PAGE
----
HONOLULU – The Queen’s Health System (QHS), in partnership with other health care providers, first responders and traffic safety partners statewide, would like to urge everyone to designate a sober driver as part of their “new normal” this summer and year-round. As the State and counties move towards reopening the economy, families and friends may be reconnecting this summer to celebrate and make up for major milestones missed during the Safer at Home orders. Along with Centers for Disease Control and Prevention (CDC) guidelines for physical distancing, it is imperative to add to your safety list a designated driver to safely transport you to your destinations.
“It’s been a challenging year for many of us in Hawaii,” said Dr. Kyle Perry, an emergency room physician at The Queen’s Medical Center. “We are all looking forward to being able to celebrate with our loved ones, but please keep yourself and others safe. Make no mistake: if you choose to drive impaired, you put yourself and the community in harm’s way.”
According to the Fatality Analysis Reporting System (FARS), which provides yearly data to the National Highway Traffic Safety Administration (NHTSA) as well as Congress, from 2014 through 2018, there were more fatal crashes in Hawaii involving a driver with a blood alcohol concentration of .08 or above on the weekends compared to weekdays (40.8 percent versus 29.6 percent). This is important to note as we have already seen large-scale parties occur this past Memorial Day weekend.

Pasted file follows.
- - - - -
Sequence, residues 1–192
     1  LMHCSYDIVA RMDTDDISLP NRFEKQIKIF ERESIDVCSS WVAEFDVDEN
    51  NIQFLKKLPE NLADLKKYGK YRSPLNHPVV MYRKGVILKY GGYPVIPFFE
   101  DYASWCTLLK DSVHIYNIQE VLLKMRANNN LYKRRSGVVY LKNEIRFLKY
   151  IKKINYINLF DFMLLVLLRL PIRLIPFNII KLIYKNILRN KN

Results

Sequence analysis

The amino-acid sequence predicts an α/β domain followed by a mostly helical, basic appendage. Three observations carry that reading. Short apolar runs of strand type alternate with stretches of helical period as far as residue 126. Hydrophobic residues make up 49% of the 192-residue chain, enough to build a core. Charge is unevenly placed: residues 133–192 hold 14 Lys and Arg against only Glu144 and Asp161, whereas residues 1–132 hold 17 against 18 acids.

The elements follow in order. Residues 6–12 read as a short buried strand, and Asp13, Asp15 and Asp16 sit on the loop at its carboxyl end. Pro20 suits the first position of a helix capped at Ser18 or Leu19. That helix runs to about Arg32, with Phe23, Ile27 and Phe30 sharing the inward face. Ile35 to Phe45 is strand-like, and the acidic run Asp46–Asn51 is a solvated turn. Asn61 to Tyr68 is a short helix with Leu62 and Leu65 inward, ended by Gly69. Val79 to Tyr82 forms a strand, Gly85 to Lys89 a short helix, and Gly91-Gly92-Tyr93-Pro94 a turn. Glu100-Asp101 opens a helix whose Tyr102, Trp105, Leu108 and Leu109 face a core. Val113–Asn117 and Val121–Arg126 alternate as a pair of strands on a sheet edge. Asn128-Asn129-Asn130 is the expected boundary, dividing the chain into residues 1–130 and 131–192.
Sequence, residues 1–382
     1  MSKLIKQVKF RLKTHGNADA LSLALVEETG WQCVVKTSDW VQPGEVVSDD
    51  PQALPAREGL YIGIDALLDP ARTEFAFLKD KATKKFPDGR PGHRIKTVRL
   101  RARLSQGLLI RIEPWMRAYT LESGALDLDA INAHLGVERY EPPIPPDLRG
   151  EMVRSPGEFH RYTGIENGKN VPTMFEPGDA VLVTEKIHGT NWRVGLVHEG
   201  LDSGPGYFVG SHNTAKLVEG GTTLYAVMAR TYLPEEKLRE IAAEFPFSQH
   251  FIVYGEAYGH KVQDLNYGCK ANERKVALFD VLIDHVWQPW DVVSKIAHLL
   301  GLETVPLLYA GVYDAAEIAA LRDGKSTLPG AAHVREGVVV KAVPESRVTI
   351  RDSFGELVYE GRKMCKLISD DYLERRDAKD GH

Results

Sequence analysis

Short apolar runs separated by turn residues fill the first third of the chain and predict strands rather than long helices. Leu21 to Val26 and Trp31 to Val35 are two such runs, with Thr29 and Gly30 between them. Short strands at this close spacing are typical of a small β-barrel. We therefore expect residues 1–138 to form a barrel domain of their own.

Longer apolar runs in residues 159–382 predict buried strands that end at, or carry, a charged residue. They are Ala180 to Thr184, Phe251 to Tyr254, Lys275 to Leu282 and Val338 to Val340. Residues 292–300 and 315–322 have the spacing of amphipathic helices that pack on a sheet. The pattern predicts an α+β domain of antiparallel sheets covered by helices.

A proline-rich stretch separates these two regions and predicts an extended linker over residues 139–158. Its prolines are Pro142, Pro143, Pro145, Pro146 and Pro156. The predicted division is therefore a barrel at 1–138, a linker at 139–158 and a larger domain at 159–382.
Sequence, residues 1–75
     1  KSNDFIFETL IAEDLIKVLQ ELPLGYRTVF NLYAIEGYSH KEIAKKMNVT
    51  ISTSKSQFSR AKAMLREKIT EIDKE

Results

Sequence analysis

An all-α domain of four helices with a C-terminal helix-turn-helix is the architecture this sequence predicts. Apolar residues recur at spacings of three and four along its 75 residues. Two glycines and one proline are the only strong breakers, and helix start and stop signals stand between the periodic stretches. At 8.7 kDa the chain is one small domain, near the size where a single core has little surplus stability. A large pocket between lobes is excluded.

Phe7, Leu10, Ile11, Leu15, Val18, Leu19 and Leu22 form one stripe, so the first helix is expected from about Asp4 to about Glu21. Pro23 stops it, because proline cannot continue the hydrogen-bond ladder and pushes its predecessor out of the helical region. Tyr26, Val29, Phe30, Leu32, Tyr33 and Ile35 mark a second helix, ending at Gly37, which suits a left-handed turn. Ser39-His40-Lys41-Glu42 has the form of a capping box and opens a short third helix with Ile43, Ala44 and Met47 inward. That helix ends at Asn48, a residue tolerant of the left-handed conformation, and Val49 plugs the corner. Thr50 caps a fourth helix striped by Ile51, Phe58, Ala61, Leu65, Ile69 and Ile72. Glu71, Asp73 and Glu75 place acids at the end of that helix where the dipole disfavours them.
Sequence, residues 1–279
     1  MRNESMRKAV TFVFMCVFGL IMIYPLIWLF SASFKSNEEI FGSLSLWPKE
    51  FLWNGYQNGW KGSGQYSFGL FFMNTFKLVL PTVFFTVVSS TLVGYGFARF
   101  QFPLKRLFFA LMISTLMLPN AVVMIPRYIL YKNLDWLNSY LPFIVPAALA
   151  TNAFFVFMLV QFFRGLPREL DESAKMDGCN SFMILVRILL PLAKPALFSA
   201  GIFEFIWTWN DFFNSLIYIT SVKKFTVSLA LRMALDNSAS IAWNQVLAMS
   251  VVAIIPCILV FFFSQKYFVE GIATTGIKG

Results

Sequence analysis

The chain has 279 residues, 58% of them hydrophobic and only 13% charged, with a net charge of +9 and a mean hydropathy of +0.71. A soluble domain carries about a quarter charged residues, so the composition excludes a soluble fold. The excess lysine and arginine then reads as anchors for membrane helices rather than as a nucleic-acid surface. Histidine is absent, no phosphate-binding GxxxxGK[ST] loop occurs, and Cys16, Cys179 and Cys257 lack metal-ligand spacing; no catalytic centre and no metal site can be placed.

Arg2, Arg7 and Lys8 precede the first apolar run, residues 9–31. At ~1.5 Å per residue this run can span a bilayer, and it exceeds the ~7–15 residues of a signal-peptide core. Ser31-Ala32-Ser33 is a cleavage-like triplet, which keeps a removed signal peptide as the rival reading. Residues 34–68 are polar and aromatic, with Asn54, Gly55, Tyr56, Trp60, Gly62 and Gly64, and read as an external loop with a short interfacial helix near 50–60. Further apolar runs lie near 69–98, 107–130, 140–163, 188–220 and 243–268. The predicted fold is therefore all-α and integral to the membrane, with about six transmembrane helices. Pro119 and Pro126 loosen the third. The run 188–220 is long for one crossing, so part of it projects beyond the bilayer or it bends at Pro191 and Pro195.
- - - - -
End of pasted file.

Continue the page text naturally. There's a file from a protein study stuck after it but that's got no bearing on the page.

“Our first responders and emergency room staff constantly see the tragic results of major crashes caused by impaired driving and other controllable factors,” Hawaii Department of Transportation Deputy Director of Highways Ed Sniffen said. “We join them in asking you to take measures to not become a fatal crash statistic. You can do this by wearing your seat belt, driving sober, or designating a sober driver to help us all get home safely to our ʻohana and loved ones.”
Hawaii’s health care workers, first responders, the Hawaii Department of Transportation, the Hawaii Department of Health, county police departments, MADD Hawaii and many other stakeholders are working collaboratively to address our communities’ most pressing traffic safety issues, including impaired driving. This multidisciplinary group collaborated to create the Hawaii Strategic Highway Safety Plan (SHSP), a five-year plan that embraces the five Es of safety – engineering, education, enforcement, emergency medical services and everyone else – and provides strategies to improve safety on all of Hawaii’s public roads. For more information about the SHSP, visit https://hidot.hawaii.gov/highways/shsp.
Hawaii’s emergency health care workers and traffic safety partners recommend these safe alternatives to driving while impaired:
- Remember that it is never okay to drink and drive. Even if you’ve had only one alcoholic beverage, designate a sober driver or plan to use public transportation or a ride sharing service to get home safely.
- If available, use your community’s sober ride program, taxis, Lyft, UBER or the bus.
- If you see a drunk driver on the road, call 911.
- Do you have a friend or family member who is about to drink and drive? Take the keys away and make arrangements to get your loved ones home safely.